“…What if American Jewish organizations brought these young people [protesting Sheikh Jarrah] to speak at Hillel? What if this was the face of Zionism shown to America’s Jewish young?”
A few thoughts:
–The piece is undoubtedly important, because the New York Review of Books has power. Maybe now Rick Hertzberg of the New Yorker will write about the Sheikh Jarrah protest he attended. David Remnick will move further left on the issue. More centrist American achievement Jews will finally come out against the colonization program and even the East Jerusalem messianism, because they realize it won’t hurt their careers; Robert Silvers of the NY Review is saying the water is safe. Moshe Halbertal is at the Sheikh Jarrah protests, so is Bernard Avishai; they have helped to move the left-center, and good for them.
–The piece demonstrates the fact that the NY Review is a follower not a leader. All these ideas have been expressed before in Jewish life. Haaretz has expressed them, Jerry Haber at Magnes Zionist has expressed them, Rebecca Vilkomerson at Jewish Voice for Peace, Cecilie Surasky at JVP, Richard Silverstein, Daniel Fleshler, I could go on and on. Max Blumenthal has been a siren on the fact that Jewish-American liberal values are being corrupted by Israel’s militarism. Tony Judt said verbatim four years ago that American Jewish leadership thinks it’s 1938 and they’re nuts. The New York Review turns to none of these intellectuals who have done the tilling of the hard ground. It turns to one of George Bush’s useful idiots, to echo Judt, in Beinart, a man who helped push the U.S. to war in Iraq and who worked for AIPAC during the 2008 election and has evidently bethought his attachment.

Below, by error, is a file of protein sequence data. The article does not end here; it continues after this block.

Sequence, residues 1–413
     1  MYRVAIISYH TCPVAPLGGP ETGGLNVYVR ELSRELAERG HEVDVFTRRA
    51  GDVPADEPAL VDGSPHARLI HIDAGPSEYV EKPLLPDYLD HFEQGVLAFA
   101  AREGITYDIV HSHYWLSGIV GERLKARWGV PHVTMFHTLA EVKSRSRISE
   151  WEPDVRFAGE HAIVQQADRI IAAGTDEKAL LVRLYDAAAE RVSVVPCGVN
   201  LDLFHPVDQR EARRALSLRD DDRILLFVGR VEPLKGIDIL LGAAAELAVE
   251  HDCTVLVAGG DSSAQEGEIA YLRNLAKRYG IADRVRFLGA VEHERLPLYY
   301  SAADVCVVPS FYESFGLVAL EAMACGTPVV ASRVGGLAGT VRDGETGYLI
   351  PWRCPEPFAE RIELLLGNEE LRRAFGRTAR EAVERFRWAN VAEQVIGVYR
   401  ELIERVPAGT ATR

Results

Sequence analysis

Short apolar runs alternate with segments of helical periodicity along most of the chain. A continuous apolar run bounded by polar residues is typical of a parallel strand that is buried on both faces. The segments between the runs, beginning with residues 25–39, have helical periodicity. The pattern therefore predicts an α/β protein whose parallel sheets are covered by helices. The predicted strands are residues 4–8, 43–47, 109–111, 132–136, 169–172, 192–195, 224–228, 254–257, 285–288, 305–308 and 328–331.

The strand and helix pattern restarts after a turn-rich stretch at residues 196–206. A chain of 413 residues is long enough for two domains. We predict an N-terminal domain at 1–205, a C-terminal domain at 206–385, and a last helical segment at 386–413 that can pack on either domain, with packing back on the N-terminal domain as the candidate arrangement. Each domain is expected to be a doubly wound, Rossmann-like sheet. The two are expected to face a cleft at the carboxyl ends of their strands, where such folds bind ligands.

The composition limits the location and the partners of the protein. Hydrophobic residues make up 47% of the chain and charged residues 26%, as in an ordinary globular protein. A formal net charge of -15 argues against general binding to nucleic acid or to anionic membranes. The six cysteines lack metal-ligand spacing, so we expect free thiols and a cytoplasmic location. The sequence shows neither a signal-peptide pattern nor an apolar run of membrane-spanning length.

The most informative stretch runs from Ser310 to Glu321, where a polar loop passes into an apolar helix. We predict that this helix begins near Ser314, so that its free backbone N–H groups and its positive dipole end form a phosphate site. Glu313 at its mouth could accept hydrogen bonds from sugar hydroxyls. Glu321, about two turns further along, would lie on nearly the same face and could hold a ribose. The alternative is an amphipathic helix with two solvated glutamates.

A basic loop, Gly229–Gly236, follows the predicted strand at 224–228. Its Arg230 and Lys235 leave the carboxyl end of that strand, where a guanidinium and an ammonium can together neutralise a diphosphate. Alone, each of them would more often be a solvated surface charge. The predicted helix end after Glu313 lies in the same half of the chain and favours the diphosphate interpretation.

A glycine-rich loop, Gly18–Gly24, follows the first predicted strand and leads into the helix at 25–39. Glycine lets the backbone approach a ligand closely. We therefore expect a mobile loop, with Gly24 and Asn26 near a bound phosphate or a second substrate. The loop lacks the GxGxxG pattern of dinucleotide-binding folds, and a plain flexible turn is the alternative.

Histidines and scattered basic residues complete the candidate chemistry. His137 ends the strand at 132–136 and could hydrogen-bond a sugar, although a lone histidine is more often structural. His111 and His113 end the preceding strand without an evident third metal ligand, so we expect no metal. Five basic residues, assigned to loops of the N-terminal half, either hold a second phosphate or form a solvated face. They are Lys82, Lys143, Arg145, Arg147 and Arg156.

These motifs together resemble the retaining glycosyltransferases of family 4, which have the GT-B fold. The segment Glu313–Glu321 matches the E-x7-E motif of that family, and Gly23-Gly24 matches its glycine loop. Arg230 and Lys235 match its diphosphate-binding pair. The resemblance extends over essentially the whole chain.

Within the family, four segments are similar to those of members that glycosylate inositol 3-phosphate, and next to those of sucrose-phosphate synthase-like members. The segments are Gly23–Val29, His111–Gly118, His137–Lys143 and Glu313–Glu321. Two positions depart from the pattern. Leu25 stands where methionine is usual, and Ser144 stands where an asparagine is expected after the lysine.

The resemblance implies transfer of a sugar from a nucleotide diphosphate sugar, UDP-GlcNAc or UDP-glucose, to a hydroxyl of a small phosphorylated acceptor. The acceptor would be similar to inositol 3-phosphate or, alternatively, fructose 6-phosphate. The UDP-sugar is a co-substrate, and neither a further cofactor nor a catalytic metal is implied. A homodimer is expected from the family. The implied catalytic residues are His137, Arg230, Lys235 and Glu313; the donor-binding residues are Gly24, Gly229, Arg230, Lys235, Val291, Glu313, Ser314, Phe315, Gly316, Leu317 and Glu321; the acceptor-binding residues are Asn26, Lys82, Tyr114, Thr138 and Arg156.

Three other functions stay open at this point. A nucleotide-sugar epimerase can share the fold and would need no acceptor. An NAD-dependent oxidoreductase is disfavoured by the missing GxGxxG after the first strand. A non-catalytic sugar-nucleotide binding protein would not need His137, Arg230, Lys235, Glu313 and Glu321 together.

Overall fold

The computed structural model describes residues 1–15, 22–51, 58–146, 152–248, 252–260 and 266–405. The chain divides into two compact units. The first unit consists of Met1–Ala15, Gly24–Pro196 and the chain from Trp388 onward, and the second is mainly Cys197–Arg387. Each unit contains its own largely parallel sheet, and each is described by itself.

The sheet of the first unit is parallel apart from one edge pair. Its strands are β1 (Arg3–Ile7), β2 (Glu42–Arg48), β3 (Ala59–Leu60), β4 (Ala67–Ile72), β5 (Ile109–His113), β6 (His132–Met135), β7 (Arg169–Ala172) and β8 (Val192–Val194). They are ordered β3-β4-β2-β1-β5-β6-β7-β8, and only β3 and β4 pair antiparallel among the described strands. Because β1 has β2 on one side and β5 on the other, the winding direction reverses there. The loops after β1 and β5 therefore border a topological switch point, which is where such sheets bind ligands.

–Beinart and the NY Review nowhere credit Walt and Mearsheimer here. The NY Review has never reviewed their bombshell book. But their ideas are remarkably similar to the ideas that Beinart is straining through his latke strainer, four years on. Walt and Mearsheimer are for the two-state solution, or were. Again, followership. Mike Desch has talked about the disastrous role of Never-again-ism in our foreign policy. Yes the Review has an enormous effect inside Jewish life, but does official Jewish life have a damn clue about where the conversation (http://tinyurl.com/BeinartJewishLobby) is now? No, they are following the conversation…
Beinart’s piece is avowedly parochial. And it is also very smart in many places. Maybe it represents a break with Marty Peretz? Yes: I hope he reaches the Jews, as I hope that J Street gets Jewish congressmen to stop speaking in tongues. But can you have any larger moral authority if you don’t talk about the massacre in Gaza and the Kent-State treatment by the Israeli army of Palestinian demonstrators? Beinart won’t go near either of these truths.
The Failure of the American Jewish Establishment
by Peter Beinart
In 2003, several prominent Jewish philanthropists hired Republican pollster Frank Luntz to explain why American Jewish college students were not more vigorously rebutting campus criticism of Israel. In response, he unwittingly produced the most damning indictment of the organized American Jewish community that I have ever seen.
The philanthropists wanted to know what Jewish students thought about Israel. Luntz found that they mostly didn’t. “Six times we have brought Jewish youth together as a group to talk about their Jewishness and connection to Israel,” he reported. “Six times the topic of Israel did not come up until it was prompted. Six times these Jewish youth used the word ‘they‘ rather than ‘us‘ to describe the situation.”